Some seven f-words (including two uses of “mother—er”) and five s-words join a single use of “a–.” God’s and Jesus’ names are both misused once.
Cecilia uses a prescription of diazepam to drug Adrian on the night she sneaks away from his house. Later she discovers that she has been mysteriously dosed by the same drug. She also says that she was taking birth control pills, but then learns that Adrian traded them out for a placebo. We see Cecilia injected on several occasions while in a hospital’s care.
Much of how Cecilia is treated and manipulated throughout the film is reflective of the kind of emotional and physical violence a woman would endure in an abusive relationship. That’s obviously a purposely made visual and dramatic choice, but it also feels misogynistic and disturbing.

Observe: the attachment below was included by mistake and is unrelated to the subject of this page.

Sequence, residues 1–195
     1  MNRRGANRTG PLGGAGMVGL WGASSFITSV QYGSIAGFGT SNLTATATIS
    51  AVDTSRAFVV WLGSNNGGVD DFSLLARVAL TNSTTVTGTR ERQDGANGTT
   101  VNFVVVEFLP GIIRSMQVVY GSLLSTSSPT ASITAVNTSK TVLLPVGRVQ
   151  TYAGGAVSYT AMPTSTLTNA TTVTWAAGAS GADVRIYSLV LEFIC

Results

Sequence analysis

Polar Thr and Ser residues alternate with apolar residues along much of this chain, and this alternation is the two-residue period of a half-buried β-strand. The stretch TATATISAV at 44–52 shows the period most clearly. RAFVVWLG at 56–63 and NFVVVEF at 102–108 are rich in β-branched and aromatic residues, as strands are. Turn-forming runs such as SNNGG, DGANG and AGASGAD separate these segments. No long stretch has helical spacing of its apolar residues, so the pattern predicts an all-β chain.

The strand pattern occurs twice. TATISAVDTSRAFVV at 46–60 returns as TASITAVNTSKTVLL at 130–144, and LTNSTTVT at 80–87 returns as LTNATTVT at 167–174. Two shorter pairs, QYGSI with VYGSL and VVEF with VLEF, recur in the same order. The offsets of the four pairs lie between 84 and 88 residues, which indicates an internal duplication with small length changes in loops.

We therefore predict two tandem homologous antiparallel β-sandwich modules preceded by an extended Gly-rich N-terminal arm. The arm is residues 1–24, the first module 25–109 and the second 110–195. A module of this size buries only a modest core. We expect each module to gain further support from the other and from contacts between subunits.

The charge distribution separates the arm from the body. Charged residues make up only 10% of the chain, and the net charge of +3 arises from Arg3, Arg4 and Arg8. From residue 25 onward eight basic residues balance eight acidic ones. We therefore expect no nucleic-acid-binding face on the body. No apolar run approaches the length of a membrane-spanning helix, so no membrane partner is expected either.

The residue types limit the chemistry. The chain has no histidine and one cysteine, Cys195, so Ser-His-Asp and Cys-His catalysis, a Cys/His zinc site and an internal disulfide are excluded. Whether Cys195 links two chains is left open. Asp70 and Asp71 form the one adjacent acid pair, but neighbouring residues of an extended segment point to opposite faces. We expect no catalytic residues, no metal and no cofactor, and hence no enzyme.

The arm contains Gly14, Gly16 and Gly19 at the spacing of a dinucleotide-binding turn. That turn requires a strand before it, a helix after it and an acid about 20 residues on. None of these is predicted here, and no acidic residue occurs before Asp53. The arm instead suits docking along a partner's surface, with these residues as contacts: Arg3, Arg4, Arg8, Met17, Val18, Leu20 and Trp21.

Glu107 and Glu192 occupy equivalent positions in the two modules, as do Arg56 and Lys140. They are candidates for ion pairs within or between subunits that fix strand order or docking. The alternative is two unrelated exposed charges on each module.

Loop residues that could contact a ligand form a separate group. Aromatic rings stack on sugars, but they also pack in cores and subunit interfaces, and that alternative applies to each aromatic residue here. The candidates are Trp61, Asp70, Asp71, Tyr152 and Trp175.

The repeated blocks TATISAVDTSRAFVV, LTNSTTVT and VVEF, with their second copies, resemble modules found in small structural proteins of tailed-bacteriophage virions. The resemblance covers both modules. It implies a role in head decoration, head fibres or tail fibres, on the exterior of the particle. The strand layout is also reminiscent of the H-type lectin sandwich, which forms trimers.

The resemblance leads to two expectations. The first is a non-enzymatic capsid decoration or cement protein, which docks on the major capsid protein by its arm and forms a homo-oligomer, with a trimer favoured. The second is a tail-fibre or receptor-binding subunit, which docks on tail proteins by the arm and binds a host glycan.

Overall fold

The invisible villain pulls the covers off two sleeping young women (fully dressed for bed) and takes pictures of them. It’s also revealed that the guy sent out nasty, hurtful emails to Cecilia’s friends from her online account.
If you look closely, you’ll find that sci-fi pics and monster movies have always been prime repositories for subtle, woven-in messages about all sorts of social, political and environmental problems facing mankind. But you won’t need to dig deep for message behind The Invisible Man.
Universal Studios’ latest contemporary reboot of the H.G. Wells’ classic reshapes the tale into something of a #MeToo movement horror flick. The story focuses solely on the pummeled female victim rather than the villain who no one can see.